Thanksgiving marks the season when distributors begin promoting the films they think have chances for end of the year awards, so I was initially intrigued when Focus Features included Reservation Road along with three other quality films I'd previously seen in theaters—Talk to Me, Eastern Promises, and Lust, Caution. Director/writer Terry George had a worthy Hotel Rwanda on his resume and had cast some high powered actors for this project. But my hopes were dashed rapidly as the narrative veered into fodder more suitable for a moralistic made-for-TV "after school special." As good as the actors are, they can't save the script from crashing as the lamest turkey of Focus Features' 2007 portfolio.
George's screenplay is well-intentioned. It deals with moral dilemmas following a tragic car accident—initially with the perpetrator who flees the scene and must wrestle with his conscience and then with the grieving father who relentlessly seeks justice/revenge. But the delivery becomes so ludicrously contrived with unreal co-incidences, and the final payoff is so weak that the only saving point is that it mercilessly ends the film.
The biggest dread I had (without knowing anything of the story besides vague recollections of the trailer) was that we were doomed to see some child get killed in a car accident. The initial setup just screams at the inevitable—Ethan and Grace Learner (Joaquin Phoenix and Jennifer Connelly) are attending a cello recital of their son Josh (Sean Curley) with young daughter Emma (Elle Fanning) and are driving home in the early evening. Meanwhile divorced dad Dwight Arno (Mark Ruffalo) is cheering on the Red Sox at Fenway with his son Sam (Eddie Alderson) and being hassled by his exwife Ruth (Mira Sorvino) to get Sam back home on time (to avoid violating his custody agreement). The game runs late, so Dwight is rushing a bit too fast around a curve on Reservation Road, and the expected accident happens.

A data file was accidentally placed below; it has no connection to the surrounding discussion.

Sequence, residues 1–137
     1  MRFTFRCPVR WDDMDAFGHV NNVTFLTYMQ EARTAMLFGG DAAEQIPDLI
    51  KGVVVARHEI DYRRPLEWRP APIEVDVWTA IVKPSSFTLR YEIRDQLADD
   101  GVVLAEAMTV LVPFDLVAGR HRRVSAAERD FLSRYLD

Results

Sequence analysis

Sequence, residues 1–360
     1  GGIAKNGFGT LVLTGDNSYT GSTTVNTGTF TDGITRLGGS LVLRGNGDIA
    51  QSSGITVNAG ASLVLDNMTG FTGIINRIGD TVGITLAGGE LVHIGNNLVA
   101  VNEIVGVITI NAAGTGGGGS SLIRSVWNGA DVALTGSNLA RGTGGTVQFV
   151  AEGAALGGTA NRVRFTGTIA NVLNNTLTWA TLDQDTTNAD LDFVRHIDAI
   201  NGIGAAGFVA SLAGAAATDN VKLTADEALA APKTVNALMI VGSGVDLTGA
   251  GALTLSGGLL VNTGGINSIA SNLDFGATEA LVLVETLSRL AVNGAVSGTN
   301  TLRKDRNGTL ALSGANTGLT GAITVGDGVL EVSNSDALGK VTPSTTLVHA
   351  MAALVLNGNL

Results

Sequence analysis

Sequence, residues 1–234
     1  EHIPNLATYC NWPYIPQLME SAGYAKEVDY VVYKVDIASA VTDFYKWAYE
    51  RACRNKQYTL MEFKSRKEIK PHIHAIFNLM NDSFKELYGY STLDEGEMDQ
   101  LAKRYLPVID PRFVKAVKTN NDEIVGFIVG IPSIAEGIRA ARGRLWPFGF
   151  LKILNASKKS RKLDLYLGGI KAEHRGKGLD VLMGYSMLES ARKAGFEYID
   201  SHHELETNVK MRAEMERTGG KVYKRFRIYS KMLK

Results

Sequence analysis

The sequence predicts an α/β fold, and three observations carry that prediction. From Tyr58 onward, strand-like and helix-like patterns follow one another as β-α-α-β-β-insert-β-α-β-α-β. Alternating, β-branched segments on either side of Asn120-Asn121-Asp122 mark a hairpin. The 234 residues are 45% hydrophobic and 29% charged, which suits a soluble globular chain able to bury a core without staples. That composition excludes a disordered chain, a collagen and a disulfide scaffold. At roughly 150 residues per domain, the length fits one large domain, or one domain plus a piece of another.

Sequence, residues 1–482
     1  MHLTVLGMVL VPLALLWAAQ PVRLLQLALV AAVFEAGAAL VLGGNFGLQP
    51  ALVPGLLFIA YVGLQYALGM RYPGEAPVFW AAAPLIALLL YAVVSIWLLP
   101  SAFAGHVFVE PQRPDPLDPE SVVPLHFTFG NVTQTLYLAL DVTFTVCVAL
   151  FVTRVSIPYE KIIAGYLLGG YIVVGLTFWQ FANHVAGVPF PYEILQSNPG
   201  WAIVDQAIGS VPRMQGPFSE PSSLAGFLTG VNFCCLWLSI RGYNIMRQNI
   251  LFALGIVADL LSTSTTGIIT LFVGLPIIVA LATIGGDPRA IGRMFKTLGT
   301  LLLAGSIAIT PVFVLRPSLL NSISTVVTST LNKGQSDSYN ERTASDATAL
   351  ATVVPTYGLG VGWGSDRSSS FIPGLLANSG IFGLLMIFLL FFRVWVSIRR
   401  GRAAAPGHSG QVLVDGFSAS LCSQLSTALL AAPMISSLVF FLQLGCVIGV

Of course, Dwight is filled with dread and remorse, but he's also afraid of losing his son—so he takes off, fabricating a story that they ran over a log. Meanwhile the Learner family has to deal with the unfathomable grief of losing a child as well as the anger that the driver just left the scene. Without a license plate or a clear view of the SUV and driver, the police don't have much to go on.
That leads to the best part of the film, which is the part that focuses on Dwight, for he's no one dimensional evil dude. Wracked with guilt he still attempts to cover his tracks, but he's clearly deteriorating and having difficulty functioning in his daily lawyer duties. The accident makes him realize even more how precious his son is to him, and he prepares to do the right thing and turn himself in—yet circumstances intervene and he wavers.
Conversely, Ethan can't find a way to go on living with his wife and daughter. Constantly in a fog, he dwells on that fateful night and decides to seek the hit and run driver on his own. He hires a law firm, so you know how this is going down, and this is only one of many heavy handed co-incidences. Just in case you can't discern the grief from acting nuances, Ethan Googles "hit and run" to find an online parental support group that facilitates giant instant messages for easy camera captures. Since the same person is always posting to Ethan at all hours, you have to wonder about her mental health as well.
The film plays as a thriller without a payoff. Within the first 30 minutes, we realize that the two men are on a collision course, so we're just waiting for the inevitable. But it just gets tiresome since the film treads over the same ground multiple times and fails to build any real tension. Hell, even the 2004 playoff run of the Red Sox gets short-changed. The dramatic come from behind victory over the Yankees isn't even mentioned and the World Series coverage is amazingly flat, considering how die-hard both Dwight and his son Sam are supposed to be. But that pretty much matches the entire tone of Reservation Road itself—a forgetable stretch of cinema with a premise far more intriguing than the actual journey.